Reinforcing Press Fits
Press fits between plastic parts and metal shaft are considerably more effective if the metal surface is modified in an appropriate manner. In extensive trials, chequered knurling has been found to be very well-suited as an aid to a positive connection.
Press fits are based on the principle of converting into a mechanical stress the interference between two joined surfaces. These normal stresses then allow axial forces and torque to be transmitted. In the case of press fits involving plastic parts, however, the forces and moments that can be transmitted are limited, because stress relaxation takes place due to the viscoelastic behaviour. Suitable geometric modifications to the metal shaft can result in a positive fit that aids, or reinforces, the friction fit. This measure can increase the amount of force that can be transmitted, while simultaneously slowing the relaxation process.
At the Institute for Materials Engineering and Polymer Processing (Institut für Werkstofftechnik und Kunststoffverarbeitung / IWK) the axial and azimuthal reinforcing effectiveness of different left-right knurling was investigated. As a rule, knurling combines both an active and a passive component: One the one hand, the peaks of the knurling displace the polymer; however, the polymer deforms with time to fill in the intermediate depressions.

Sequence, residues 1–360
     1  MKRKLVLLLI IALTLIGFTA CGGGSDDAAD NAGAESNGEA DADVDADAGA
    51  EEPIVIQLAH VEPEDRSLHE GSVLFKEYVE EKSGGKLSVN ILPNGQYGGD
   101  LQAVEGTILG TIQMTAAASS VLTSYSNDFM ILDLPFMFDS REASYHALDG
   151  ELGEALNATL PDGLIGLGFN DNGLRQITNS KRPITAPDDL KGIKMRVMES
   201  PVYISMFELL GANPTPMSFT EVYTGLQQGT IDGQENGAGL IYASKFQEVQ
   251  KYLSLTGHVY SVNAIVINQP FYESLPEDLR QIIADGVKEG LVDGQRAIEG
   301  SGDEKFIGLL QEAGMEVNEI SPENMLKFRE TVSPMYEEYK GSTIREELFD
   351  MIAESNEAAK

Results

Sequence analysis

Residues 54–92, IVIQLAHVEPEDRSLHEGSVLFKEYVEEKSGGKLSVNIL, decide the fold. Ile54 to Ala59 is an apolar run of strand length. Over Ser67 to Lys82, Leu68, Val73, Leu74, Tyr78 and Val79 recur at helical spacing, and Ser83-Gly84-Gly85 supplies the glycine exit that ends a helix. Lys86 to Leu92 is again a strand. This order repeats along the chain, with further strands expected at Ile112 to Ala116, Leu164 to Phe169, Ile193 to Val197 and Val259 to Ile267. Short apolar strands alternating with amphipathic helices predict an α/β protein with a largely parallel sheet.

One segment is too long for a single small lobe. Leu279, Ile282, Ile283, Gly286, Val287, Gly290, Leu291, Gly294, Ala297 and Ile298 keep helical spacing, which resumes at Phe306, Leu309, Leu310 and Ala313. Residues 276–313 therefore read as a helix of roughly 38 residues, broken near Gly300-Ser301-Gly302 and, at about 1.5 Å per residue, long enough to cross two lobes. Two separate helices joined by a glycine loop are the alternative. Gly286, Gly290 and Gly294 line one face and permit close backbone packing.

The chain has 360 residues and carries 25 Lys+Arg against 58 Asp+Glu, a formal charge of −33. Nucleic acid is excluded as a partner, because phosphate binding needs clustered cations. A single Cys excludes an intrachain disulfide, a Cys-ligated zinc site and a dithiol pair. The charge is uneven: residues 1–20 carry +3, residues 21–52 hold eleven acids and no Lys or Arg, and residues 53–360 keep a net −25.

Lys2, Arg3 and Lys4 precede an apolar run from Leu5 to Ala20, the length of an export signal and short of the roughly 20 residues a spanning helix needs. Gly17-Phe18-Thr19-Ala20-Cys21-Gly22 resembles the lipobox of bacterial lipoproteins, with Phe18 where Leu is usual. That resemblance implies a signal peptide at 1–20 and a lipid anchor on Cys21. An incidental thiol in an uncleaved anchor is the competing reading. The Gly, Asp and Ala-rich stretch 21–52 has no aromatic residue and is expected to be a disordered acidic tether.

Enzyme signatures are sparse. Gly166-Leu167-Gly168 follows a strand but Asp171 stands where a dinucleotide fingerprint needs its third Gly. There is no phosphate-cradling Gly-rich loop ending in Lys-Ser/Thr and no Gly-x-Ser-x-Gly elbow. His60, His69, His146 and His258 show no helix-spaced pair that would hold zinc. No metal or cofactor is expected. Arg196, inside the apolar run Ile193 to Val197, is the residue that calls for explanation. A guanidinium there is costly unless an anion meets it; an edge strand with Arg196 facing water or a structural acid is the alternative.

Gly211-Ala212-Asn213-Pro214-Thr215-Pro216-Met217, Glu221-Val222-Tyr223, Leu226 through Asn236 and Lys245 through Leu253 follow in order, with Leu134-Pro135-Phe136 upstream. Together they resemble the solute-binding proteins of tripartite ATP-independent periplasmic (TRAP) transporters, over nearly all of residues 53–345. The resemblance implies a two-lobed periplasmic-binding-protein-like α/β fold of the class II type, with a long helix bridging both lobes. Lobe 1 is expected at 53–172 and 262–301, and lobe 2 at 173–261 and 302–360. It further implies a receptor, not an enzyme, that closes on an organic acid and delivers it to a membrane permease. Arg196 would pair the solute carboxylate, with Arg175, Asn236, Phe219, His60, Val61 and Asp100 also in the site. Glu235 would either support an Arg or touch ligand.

The test specimens were POM copolymer hubs in the form of a sleeve and a steel shaft with a nominal diameter of 15 mm. A dimension of 0.3 mm was chosen as the interference between the nominal diameter of the shaft and the diameter of the bore in the hub, corresponding to a strain of 2%.
Shafts with three different types of left-right knurling were employed, namely, two cross knurls and one chequered knurl. The axial reinforcing action of the positive fit was tested on a tensile testing machine. To measure the azimuthal reinforcing action, a testing device was designed and built in house.
The investigations confirmed that, in press fits involving plastic hubs, knurling on metal shafts is very well-suited to reinforce a positive fit. Chequered knurling was found to be the most effective. With regard to the reinforcing action in the axial direction, the two cross knurls were almost equivalent. The chequered knurling was less effective in terms of increasing the transmitted force, but slowed the relaxation quite noticeably. Interestingly, after 1000 hours, the chequered knurling also provided the greatest reinforcing action overall in the axial direction. As expected, the chequered knurling was superior regarding azimuthal reinforcing action. The two other geometries were considerably less effective.